Updated: August 23, 2019 11:05:42 am
The diagnosis of hypertension may be off the mark if doctors go by the results of just one blood pressure test, a study conducted across 15 states found, with 24 per cent of people getting wrongly diagnosed as hypertensive.
Additionally, 18 per cent people who did have hypertension were not correctly diagnosed, the study stated.
With the study, which included 1,233 doctors, it was suggested that at least three blood pressure tests over an interval of two minutes are required to confirm hypertension. An alternative is to conduct home-based tests during which the patient is relaxed and accurate blood pressure (BP) can be noted.
Conducted by Eris Lifesciences, a pharmaceutical company headquartered in Ahmedabad, the study included 18,918 people aged between 18 and 75 years, across 355 cities. The normal blood pressure range was considered to be below 140 and above 90.
White coat hypertension is a condition due to which patients have increased blood pressure when they visit a doctor — but they are not otherwise hypertensive.
“This happens a lot if a person visits a hospital for the first time or has stress while undergoing a test. The BP reading is found to be high. Readings at home will show normal blood pressure,” said Dr C K Ponde, a cardiologist at Hinduja hospital. In such cases, people may be prescribed hypertension medications even if they do not require it.
The contrast condition is masked hypertension, where a patient is hypertensive, but it does not immediately get diagnosed during the first BP reading.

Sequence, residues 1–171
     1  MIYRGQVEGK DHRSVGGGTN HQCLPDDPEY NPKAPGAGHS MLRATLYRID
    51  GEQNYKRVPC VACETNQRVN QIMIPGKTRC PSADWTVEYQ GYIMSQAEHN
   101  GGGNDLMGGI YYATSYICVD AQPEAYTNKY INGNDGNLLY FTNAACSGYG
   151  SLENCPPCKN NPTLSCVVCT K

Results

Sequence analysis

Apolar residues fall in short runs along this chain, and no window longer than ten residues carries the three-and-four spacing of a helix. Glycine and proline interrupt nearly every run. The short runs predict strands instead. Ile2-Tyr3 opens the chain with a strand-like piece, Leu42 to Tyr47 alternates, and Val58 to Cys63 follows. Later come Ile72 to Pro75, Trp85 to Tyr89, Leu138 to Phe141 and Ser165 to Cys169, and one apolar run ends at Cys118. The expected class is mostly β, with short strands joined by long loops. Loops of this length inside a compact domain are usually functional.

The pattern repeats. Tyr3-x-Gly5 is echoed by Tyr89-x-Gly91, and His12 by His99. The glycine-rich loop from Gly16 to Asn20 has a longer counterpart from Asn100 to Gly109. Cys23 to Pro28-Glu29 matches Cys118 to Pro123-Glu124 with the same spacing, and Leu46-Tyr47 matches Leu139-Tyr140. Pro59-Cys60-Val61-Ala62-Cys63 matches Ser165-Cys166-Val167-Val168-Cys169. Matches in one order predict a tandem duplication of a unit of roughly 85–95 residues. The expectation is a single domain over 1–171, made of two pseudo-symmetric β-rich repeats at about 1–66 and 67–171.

“What is worrying is masked hypertension. Since these patients are not aware of their condition, they can suffer from heart problems and kidney ailment if the treatment does not start on time,” said cardiologist Brian Pinto, from Holy Family hospital, Bandra.
In Mumbai, where 1,643 people were evaluated, 15.4 per cent people were found to have masked hypertension and 22.8 per cent had white coat hypertension.
“What also surprised us was that in India, unlike other countries, people have higher blood pressure in the evening than in the morning. We don’t understand why,” said Dr Upendra Kaul, the principal investigator of the study.
The study showed Rajasthan had the highest rate of white coat hypertension diagnoses at 42.5 per cent, while Bihar had the highest masked hypertension rate at 25.2 per cent.
“In the public health system, we usually test thrice for blood pressure before starting hypertension treatment. So overdosing patients who are not hypertensive does not happen,” said Dr Nikhil Patil, the in-charge of non-communicable diseases in the Directorate of Health Services.
Local health workers, however, claim that conducting three tests is time-consuming and multiple tests are only done for those who show high BP in their first test.
The Maharashtra government’s data shows 1.4 crore people have been screened since 2018, of which 2.53 lakh were diagnosed with hypertension.
Dr Yogesh Kalkonde from NGO Search, who treats hypertension in Gadchiroli, said there was a need to focus on the high drop-out rates from treatment and the need for increased coverage.
“Countries like Argentina distributed home-based BP machines for trial. In Western countries, wearable devices to measure BP are picking up. But in India, these trends are yet to set in,” he said.
Doctors said while home-based devices provide correct diagnoses, they need to be calibrated every six months for accuracy. In Gadchiroli, for instance, Kalkonde is using a simple measure to avoid white coat hypertension. He makes his nurse take the BP reading. “A patient gets high BP by just seeing a doctor. They feel more relaxed with a nurse,” he said.
Several pharmaceutical companies are also investing in ambulatory blood pressure monitoring devices to measure BP regularly over 24 hours for an accurate reading.
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